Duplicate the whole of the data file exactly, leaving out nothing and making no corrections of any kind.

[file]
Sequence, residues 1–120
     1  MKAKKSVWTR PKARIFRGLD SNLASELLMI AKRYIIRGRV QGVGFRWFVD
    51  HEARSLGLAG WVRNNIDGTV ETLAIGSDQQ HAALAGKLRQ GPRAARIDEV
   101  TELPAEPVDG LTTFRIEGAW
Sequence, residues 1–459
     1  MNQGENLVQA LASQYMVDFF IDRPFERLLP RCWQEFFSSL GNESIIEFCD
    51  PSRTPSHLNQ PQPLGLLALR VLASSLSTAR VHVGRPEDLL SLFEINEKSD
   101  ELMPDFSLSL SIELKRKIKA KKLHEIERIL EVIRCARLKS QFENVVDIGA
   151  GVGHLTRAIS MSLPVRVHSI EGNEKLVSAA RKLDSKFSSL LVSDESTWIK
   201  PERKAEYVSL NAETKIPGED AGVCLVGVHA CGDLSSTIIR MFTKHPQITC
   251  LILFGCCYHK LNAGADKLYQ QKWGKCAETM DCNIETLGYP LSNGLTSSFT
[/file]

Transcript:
Sequence, residues 1–120
     1  MKAKKSVWTR PKARIFRGLD SNLASELLMI AKRYIIRGRV QGVGFRWFVD
    51  HEARSLGLAG WVRNNIDGTV ETLAIGSDQQ HAALAGKLRQ GPRAARIDEV
   101  TELPAEPVDG LTTFRIEGAW
Sequence, residues 1–459
     1  MNQGENLVQA LASQYMVDFF IDRPFERLLP RCWQEFFSSL GNESIIEFCD
    51  PSRTPSHLNQ PQPLGLLALR VLASSLSTAR VHVGRPEDLL SLFEINEKSD
   101  ELMPDFSLSL SIELKRKIKA KKLHEIERIL EVIRCARLKS QFENVVDIGA
   151  GVGHLTRAIS MSLPVRVHSI EGNEKLVSAA RKLDSKFSSL LVSDESTWIK
   201  PERKAEYVSL NAETKIPGED AGVCLVGVHA CGDLSSTIIR MFTKHPQITC
   251  LILFGCCYHK LNAGADKLYQ QKWGKCAETM DCNIETLGYP LSNGLTSSFT